In the beginning, pashmina wool was simply the Persian "Pasha" meaning "wool". This was a “special wool” from Kashmir, from the hair of goats bred for their fine fiber. "Pashminas" became widely known as hand-woven shawls that were super fine, light in weight and diversely colored.
Muslim shawl makers, Kashmir
Cashmere shawls were appreciated for their softness and warmth. Their rich colours, the intricacy of weave and design made them very popular. Handmade from fine “pasha” wool, collected from the downy under fur of a Himalayan mountain goat (Capra hircus).
Capra hircus, Ladakh
From the 15th century, successive rulers of Kashmir, including the Mughals, continued the evolution of the cashmere shawl.
Then Europeans started to contribute heavily to its popularity in the 17th century. The French preferred general orientalist designs, sending patterns to agent's houses in Srinagar to be made up in Kashmir, while British went for local designs.
Shawl-weavers in Kashmir
Pashmina shawls soon moved in several design directions from superfine wraps to the more intricate woven (called tiliwalla, tilikar or kani kar) and embroidered designs, (amlikar) which tended to be heavier in nature.
From cashmere to pashmina
Originally being so remote, the goat hair was collected in spring as it was shed out in the wild, or combed by hand by the herders. Today, this process essentially remains the same, although rather than wait and collect the fibre off stray bushes, when the moulting season arrives, the goats are promptly combed to obtain the fibre.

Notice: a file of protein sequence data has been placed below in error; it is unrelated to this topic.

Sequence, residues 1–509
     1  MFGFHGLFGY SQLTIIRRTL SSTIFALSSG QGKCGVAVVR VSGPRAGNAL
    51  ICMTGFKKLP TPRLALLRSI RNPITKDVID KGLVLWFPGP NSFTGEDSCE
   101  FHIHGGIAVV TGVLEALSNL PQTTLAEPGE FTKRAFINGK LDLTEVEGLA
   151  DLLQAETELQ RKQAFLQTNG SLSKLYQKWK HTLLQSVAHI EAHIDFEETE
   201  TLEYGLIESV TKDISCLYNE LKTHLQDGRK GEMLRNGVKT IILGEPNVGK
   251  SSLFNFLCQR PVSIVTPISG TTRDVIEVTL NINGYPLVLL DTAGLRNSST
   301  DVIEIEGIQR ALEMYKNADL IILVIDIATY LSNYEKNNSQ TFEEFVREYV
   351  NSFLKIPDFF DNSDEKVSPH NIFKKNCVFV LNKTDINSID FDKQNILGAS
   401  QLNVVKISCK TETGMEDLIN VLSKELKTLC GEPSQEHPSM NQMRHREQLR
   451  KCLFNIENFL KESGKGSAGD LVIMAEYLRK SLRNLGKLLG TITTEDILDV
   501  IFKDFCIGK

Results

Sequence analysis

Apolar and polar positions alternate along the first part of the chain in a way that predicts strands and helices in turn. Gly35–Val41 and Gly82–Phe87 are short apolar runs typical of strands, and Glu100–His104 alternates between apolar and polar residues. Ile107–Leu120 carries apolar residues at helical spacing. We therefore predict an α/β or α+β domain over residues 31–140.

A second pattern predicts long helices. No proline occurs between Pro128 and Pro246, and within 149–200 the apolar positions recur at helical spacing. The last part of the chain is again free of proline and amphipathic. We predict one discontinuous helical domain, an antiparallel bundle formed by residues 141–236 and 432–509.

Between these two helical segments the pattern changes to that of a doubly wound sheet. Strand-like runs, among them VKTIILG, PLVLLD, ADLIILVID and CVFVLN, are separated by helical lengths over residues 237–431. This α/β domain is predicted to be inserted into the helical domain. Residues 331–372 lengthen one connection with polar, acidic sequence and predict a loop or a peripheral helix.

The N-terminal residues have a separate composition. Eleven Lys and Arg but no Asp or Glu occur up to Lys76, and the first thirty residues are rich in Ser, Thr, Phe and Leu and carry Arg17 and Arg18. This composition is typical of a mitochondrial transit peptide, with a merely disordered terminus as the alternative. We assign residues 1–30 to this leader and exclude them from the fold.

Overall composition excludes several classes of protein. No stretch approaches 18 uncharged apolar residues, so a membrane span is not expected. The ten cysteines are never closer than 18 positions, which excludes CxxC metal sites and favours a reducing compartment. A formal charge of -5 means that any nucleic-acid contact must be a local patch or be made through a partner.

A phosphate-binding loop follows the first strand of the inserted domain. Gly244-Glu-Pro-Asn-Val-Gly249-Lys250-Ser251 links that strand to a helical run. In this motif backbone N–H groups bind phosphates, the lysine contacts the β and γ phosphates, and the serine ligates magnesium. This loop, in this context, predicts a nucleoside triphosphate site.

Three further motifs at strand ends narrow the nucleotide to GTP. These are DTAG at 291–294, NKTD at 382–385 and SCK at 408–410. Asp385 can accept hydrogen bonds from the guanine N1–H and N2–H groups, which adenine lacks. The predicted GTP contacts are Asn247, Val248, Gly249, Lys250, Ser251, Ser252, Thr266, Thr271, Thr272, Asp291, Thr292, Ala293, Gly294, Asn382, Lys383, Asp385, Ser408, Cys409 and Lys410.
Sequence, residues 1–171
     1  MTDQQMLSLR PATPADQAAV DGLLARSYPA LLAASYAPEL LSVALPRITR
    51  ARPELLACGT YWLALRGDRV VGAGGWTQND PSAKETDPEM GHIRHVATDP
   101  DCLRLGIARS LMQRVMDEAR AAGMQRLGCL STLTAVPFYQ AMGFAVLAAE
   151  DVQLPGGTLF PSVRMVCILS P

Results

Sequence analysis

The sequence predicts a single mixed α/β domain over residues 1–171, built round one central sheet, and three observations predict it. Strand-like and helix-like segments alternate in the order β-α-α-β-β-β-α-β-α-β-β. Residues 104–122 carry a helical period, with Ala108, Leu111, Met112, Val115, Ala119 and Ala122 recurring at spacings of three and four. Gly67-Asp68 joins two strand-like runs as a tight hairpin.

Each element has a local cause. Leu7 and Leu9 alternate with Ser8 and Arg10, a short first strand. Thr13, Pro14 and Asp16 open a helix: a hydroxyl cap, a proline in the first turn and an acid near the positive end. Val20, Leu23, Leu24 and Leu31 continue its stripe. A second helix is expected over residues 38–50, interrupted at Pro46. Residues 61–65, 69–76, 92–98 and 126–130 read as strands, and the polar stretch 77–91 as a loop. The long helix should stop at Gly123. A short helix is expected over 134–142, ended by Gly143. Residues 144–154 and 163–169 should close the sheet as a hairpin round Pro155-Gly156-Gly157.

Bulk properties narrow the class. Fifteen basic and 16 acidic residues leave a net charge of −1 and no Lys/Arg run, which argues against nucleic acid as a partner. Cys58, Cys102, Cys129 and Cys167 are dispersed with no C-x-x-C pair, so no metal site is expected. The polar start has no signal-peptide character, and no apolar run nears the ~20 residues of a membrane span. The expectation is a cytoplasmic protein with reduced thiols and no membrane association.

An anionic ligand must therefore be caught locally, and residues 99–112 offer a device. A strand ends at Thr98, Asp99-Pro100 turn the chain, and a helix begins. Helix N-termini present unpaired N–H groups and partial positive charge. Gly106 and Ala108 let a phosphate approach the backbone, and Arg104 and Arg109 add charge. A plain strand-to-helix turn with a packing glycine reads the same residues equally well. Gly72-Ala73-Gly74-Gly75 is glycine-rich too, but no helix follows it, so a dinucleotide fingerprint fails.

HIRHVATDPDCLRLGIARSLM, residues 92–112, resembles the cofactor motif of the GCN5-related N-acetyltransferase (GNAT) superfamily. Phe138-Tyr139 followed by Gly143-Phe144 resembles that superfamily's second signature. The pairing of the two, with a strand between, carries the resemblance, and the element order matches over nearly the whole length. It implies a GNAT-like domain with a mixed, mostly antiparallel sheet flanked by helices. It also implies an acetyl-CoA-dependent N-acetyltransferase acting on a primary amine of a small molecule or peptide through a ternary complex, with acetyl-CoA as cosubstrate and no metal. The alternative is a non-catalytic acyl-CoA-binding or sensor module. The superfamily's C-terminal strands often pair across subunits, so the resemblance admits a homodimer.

Woven sheer cashmere wraps by Olivia Graham Cashmere
With the improved technology available in the textile industry, the fibre is now able to be processed quickly and efficiently. Cleaning, carding and combing (separating the coarser guard hair from the fine down, all very important if you want an exquisitely fine pashmina shawl).
Wraps are then woven to create a wrap so sheer you can literally read a book through it. And, of course, as tradition dictates, a true pashmina should be fine enough to slip through your wedding ring!
- By William Simpson [Public domain], via Wikimedia Commons
- By Redtigerxyz (Own work) [CC BY-SA 3.0 (http://creativecommons.org/licenses/by-sa/3.0) or GFDL (http://www.gnu.org/copyleft/fdl.html)], via Wikimedia Commons
- By Underwood & Underwood. [Public domain or Public domain], via Wikimedia Commons
- Olivia Graham Cashmere
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